Undecided battles over civil rights and the accessibility of information are only part of the problem. In cities from Denver to New Orleans, independent and court-appointed monitors are finding that body cameras, even where formally implemented, have not been rolling for the majority of citizen-officer interactions involving the use of force.

In one incident last September, an officer in Saratoga Springs failed to record an encounter that resulted in the shooting of a twenty-two-year-old black man. The police department had yet to implement official policies for using the cameras; the Utah County attorney simply exonerated both officers involved. There have also been incidents where an officer deliberately turned off a camera. In St. Louis last April, a squad car camera captured footage of a swarm of police beating a man on the ground. An officer calls out, “Hold up, hold up, y’all. Everybody hold up. It’s red right now, so if you’re worried about cameras, just wait.” She then walks over to the car and turns the camera off.

Some preliminary studies have found that body cameras have reduced the frequency with which force is used and the number of complaints against officers, but these reports are fairly inconclusive. The technology, which has not been studied systematically, is still plagued by insufficient regulation and the near-routine failure of law enforcement to employ it consistently.

The camera phone, by comparison, is currently more capable of sharing images of brutal policing with the public and of deterring violence at the scene.

While body cameras are angled away from police officers, citizens can use camera phones to face and film functionaries of the state. A phone’s Internet connection also sets it apart as a tool for counter-surveillance: footage can be captured and put online instantaneously (especially with new apps such as Cop Watch Video Recorder) without having to pass through an opaque, prolonged process to reach the public. In some ways, camera phones are primed for building public consensus. Their images can spread across social media and are not likely to be delayed or blocked by government censors. Also, with metadata, each snapshot generates a multifaceted digital trace, enabling images to be plotted on maps and time scales. This contextual information can provide vital exculpatory or incriminating evidence in criminal cases.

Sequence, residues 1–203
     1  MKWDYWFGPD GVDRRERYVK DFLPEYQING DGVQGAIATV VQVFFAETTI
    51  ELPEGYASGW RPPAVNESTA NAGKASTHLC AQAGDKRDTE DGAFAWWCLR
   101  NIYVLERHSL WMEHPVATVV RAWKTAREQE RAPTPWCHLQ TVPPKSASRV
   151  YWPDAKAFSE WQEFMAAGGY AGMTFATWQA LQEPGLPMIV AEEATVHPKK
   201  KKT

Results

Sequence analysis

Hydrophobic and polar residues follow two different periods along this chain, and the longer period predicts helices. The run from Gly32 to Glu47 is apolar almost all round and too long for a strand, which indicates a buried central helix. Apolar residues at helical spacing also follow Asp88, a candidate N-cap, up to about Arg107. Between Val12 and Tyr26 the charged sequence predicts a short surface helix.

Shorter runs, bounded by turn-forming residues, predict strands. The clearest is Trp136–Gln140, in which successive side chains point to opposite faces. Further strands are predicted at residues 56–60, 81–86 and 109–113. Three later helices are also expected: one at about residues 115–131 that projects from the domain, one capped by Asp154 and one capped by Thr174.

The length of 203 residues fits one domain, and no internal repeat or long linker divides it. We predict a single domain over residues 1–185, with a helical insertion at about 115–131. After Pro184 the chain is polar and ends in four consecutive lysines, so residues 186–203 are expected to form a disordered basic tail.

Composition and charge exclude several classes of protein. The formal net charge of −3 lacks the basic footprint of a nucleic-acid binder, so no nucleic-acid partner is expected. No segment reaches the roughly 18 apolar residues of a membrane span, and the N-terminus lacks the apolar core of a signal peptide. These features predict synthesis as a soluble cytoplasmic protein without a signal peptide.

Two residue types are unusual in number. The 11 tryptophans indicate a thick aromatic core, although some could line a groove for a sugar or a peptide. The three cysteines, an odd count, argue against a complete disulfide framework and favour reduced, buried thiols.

A number of present laws even work to the benefit of camera phone users. The Supreme Court ruled unanimously in Riley v. California (2014) that police need a warrant to search a cell phone. And last year, the American Civil Liberties Union asserted that capturing videos or photographs of things in plain view in public spaces—including “federal buildings, transportation facilities, and police and other government officials carrying out their duties”—is a “constitutional right.”

There are, however, some restrictions in place regarding camera phone use. Legislation such as the Video Voyeurism Prevention Act of 2004—implemented at a time when lawmakers were anxious to contend with early camera phone technology—was designed to protect privacy by prohibiting the capture of “an image of a private area of an individual without their consent.” (Law enforcement activity is exempt from this interdiction.)